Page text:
Friedkin’s Method-style techniques extended to the other members of the cast. He reportedly fired a gun at unexpected moments to keep his actors & crew on edge – so if the characters in the film looking genuinely shat up, that’s because they probably were.
Ellen Burstyn, ever-dignified, tries to put a brave face on when recounting how Friedkin and his stunt crew used wires to pull her off her feet, but you can see that she is still pissed off, even decades later, about Friedkin used shots of her in real pain in the final cut of the movie.
These days, frosty breath is often added post-production with computers. To create a genuinely chilling atmosphere for the exorcism scenes, Friedkin used a set with air conditioning units, which plunged Regan’s bedroom to sub zero temperatures. The plumes of breath are real, and the actors are clearly in serious physical discomfort in those scenes.
When I finally managed to lay my hands on a copy of The Exorcist shortly after its eventual video release in 1999, I was a bit disappointed. It wasn’t a gloopy cavalcade of shock effects like Sam Raimi’s prohibited Evil Dead, or the sadistic cacophony of screams in Tobe Hooper’s The Texas Chainsaw Massacre. The Exorcist‘s reputation preceded it, and on first viewing I initially found it a bit slow and ponderous between the much discussed demonic set pieces. The second time around, I experienced a genuinely positive feeling towards the film, and I believe it is actually an honestly “Good” film.
Some film reviewers reacted badly to it on the initial release, with some of the more impressionable critics declaring it as “Evil”. To put it in context, The Exorcist was also the first horror film to receive a Best Picture nomination at the Oscars, and was the prototype blockbuster, with queues round the block for a wild demonic ride two years before Spielberg’s Jaws became a cultural phenonemon. Watching it again, I think the over-sensitive types got it badly wrong – declaring The Exorcist an evil film because it contains scenes of evil is a little like declaring Schindler’s List an evil film because it contains scenes of the Holocaust.
I believe it is the ultimate good guys vs bad guys movie. Its infamous “subliminal” images suggest an underlying evil burning through the fabric of the film, and the heroes are selfless underdogs. To me, it reads like a metaphysical western, with the priests as the beleagured, under-powered “white hats” riding into town to free the people (Regan) from the nasty “black hats” (the Devil and His demons). This is most evident in the famous shot of Merrin facing the statue of Pazazu in the Iraq sequence, a high noon stand-off as old as Christianity itself.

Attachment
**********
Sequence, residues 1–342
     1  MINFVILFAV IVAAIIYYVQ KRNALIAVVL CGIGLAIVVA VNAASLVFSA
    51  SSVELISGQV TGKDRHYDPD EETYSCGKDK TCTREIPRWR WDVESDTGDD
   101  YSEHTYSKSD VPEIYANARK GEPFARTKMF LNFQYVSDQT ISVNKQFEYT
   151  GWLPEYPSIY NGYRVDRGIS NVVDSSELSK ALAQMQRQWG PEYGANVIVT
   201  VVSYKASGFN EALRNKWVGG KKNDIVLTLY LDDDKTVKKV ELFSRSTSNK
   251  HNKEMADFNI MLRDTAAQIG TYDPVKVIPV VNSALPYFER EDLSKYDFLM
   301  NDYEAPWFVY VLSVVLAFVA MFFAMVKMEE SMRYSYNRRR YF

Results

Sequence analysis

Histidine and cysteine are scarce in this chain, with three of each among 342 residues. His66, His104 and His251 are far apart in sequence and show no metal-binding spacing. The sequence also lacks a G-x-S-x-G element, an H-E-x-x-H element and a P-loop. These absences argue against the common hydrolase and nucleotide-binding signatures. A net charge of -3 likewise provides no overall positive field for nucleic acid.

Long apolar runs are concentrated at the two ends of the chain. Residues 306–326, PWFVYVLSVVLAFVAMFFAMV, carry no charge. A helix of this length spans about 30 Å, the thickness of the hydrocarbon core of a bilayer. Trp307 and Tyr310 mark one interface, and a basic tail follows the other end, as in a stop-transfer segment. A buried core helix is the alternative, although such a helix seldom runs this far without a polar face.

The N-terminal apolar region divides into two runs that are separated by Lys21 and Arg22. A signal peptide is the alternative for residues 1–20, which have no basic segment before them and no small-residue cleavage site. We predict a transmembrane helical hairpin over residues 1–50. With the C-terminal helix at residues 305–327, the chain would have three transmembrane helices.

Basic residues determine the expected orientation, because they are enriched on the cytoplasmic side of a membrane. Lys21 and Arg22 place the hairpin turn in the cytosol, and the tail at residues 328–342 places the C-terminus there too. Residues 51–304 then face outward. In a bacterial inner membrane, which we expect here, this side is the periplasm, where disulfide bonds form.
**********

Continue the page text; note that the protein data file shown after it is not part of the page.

I also spoke to a Catholic friend about The Exorcist, and was surprised to hear that the film is on her church’s recommended viewing list. That seemed a bit odd at first, but then the Catholics don’t often get to be the Good Guys, either in film or in real life.
In the Fear of God documentary, O’Malley also reasons that the depiction of evil is sound and justified – while it might be difficult for viewers & critics to witness a young girl violating herself with a crucifix, or forcing her mother’s head down into her crotch screaming “Lick me!”, there’s not much better propaganda in a God vs Devil war than showing the Devil as perverted, crude and debased.
I suppose the terror inherent of The Exorcist is that God is absent, leaving the Devil to prey on mankind. The two priests, one elderly and one suffering a crisis of faith, ride to the rescue anyway, although it never seems as if God has their backs. That is also what makes The Exorcist a powerful, positive, underdog story for me – with no evidence of God’s support, they are still willing to confront the devil, and lay down their lives to save a little girl. But if the Devil exists, then so must God…
The Exorcist is also clearly a film of its time. After the idealism of the Sixties, the reality of Vietnam and Watergate came crashing in on America, and they were a nation betrayed, left high and dry by their higher power (God = Government). In that sense, The Exorcist fits neatly into that pantheon of ambivalent, downbeat, paranoid films of the time – The Conversation, The Parallax View and All the President’s Men, right down to the washed out, autumnal, East Coast colours of such movies.
The Exorcist still works. Without a higher power to trust, it emboldens us – when evil comes knocking, no matter what its form, it is down to us little humans to summon up what is good in us, and defeat it.
Posted on 20/04/2014, in Drama, Entertainment, Film, Horror, Movies, Psychological, Reviews, Thriller, Wordpress and tagged Linda Blair The Exorcist 1973, Max von Sydow The Exorcist 1973, The Exorcist Spider Walk Head Spin Crucifix Masturbation, William Friedkin The Exorcist 1973, William Peter Blatty The Exorcist. Bookmark the permalink. Leave a comment.